b. Mary was compelled by the boss to stay in a job that she hated. :tick:

    My opinion.



     

    lucas-sp

    Senior Member
    English - Californian
    Whoa! Wait a minute here! The question is about whether "oblige" can have human subjects. If you look at all of owlman's excellent examples, you'll see that none of them have human subjects for "oblige":

    Most colleges oblige students to take at least one history course.
    He appeared among them in 1892, a privacy-seeking writer whose global celebrity would soon oblige the government to provide him with his own post office, and built himself a...
    Our security, our vitality, and our ability to lead in todays world oblige us to recognize the overwhelming facts of our interdependence.
    Floods in this rainy part of the world oblige folks to take extra precautions.

    I bolded all the subjects. In these cases, "oblige" is taking human objects - students, the government, us, folks - but not human subjects.

    In the case of the passive voice, obviously "oblige" can then take human subjects:

    Students are obliged by their universities to take at least one history course.
    We who live in this rainy part of the world are obliged to take extra precautions against the threat of floods.
    You aren't obliged to stay in a job you hate.

    But these subjects are different than those given in the first set of examples - they are the grammatical subject of the verbs, but they do not perform the action of "obliging"; rather, they receive it. I think the general rule is: If "oblige" is in the active voice, it more commonly takes non-human subjects; in the passive voice, it can take human and non-human subjects.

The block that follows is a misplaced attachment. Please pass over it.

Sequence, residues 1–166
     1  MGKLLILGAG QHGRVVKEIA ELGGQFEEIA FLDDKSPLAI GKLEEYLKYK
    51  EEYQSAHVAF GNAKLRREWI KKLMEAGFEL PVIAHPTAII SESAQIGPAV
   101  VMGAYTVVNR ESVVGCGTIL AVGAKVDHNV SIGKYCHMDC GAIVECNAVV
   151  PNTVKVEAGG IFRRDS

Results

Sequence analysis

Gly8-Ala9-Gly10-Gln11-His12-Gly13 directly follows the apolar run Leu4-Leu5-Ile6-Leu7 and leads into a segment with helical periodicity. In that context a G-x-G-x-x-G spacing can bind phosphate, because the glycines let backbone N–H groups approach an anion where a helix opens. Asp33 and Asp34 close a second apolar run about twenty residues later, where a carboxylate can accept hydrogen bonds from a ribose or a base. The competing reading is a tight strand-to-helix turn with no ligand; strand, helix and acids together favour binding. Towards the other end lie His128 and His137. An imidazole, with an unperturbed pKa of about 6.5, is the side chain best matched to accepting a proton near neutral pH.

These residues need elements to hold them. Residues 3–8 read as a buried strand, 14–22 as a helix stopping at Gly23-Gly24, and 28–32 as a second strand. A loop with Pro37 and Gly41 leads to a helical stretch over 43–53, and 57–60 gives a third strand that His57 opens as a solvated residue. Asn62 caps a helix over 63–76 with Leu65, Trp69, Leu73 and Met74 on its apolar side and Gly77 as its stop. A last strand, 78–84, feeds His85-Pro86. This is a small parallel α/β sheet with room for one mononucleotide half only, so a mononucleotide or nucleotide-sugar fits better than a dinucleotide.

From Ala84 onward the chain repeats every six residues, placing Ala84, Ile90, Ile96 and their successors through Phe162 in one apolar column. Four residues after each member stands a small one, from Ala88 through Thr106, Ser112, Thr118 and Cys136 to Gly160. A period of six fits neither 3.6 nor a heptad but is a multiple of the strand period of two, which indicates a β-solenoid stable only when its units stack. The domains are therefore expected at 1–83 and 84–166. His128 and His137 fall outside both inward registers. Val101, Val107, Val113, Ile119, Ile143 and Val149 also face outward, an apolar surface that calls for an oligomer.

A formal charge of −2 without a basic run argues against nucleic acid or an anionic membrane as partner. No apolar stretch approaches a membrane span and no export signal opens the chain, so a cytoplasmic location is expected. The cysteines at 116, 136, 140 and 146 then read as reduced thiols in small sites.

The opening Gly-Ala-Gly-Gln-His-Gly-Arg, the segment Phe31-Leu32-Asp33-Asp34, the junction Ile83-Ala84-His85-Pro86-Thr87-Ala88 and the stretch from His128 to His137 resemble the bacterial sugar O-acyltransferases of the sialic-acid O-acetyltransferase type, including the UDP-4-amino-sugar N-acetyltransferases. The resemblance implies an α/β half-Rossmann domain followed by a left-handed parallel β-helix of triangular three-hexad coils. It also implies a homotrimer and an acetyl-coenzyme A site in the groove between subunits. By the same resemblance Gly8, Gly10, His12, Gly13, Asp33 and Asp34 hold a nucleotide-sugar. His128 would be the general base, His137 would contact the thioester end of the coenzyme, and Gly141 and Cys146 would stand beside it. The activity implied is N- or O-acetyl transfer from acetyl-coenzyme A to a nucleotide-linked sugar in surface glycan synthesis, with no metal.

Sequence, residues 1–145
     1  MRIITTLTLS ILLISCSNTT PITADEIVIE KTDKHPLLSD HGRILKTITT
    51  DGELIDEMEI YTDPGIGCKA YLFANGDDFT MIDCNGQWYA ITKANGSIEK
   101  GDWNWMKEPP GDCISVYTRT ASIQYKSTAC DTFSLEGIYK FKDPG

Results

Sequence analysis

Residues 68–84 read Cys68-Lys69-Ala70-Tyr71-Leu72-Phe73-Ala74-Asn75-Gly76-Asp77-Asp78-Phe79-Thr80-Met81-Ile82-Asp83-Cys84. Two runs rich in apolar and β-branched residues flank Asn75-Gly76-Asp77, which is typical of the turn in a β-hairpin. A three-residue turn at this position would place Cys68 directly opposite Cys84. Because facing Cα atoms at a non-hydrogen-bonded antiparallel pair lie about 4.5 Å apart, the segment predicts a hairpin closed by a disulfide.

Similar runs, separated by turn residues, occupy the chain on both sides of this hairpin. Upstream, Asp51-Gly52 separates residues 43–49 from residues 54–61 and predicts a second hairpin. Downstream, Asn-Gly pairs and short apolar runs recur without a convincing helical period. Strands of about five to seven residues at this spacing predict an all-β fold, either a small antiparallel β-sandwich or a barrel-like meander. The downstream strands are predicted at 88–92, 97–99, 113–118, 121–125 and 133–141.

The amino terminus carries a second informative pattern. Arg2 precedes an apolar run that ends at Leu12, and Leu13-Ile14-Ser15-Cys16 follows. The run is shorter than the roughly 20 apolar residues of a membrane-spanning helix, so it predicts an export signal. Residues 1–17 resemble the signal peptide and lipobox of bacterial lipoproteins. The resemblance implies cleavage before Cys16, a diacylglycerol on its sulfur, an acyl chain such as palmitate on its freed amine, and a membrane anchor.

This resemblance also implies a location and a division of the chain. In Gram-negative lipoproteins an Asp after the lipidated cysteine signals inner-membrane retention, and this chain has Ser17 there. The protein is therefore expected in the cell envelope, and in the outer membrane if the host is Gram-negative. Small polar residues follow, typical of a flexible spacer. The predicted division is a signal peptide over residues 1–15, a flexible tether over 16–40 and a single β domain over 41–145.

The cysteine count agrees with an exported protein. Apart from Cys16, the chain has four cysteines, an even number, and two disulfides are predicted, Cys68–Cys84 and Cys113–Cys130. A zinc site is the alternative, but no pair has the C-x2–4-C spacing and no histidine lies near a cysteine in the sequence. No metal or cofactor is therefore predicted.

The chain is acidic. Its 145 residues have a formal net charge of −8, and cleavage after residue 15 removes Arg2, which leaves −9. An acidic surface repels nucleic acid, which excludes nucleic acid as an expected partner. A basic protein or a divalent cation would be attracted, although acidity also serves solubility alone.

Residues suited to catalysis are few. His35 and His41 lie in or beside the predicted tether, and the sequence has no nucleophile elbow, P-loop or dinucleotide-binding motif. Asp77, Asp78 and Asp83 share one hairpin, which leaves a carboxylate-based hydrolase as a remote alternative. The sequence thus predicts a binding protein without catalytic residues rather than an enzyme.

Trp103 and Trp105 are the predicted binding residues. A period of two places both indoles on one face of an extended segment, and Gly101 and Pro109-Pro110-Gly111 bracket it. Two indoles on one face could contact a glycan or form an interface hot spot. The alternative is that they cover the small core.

According to the OED, "oblige" historically took human subjects in the active voice. But they claim that such uses of the verb are archaic, and I kindof agree with them. I think in today's (at least American) English, I would only discuss the act of obliging as being performed by non-human forces.

    I would say "The professor made me take the class" and "Nobody's making you stay in a job you hate." I could also say​ "Nothing obliges you to stay in a job you hate."
     

    PaulQ

    Senior Member
    UK
    English - England
    However, and this will not help, I find that

    Don Cruickshank, the telecommunication regulator, has virtually obliged BT to buy Cable and Wireless...(Wordbank):tick:

    It is quite natural and there is support in freedictionary.com, which does however say that the passive voice is commoner.

    and

    a. Students were obliged by the professor to take the course.:tick:
    b. Mary was [virtually] obliged by the boss to stay in a job that she hated. :tick:

    both sound fine to me.
     

    lucas-sp

    Senior Member
    English - Californian
    In those situations, there's a bit of a bait-and-switch: you don't notice that "oblige" is being used with a human subject in either case.

    With Dan Cruickshank, you begin the sentence on the name of a person, but then you read "the telecommunications regulator," so you hear the verbal part of the sentence as being "The telecommunications regulator obliged..." It sounds like the office of telecommunications regulator is doing the obliging.

    In the passive voice constructions, you don't notice that the agency performing the action is a person until very late in the sentence, and by then you've half-forgotten that it was a sentence with "oblige."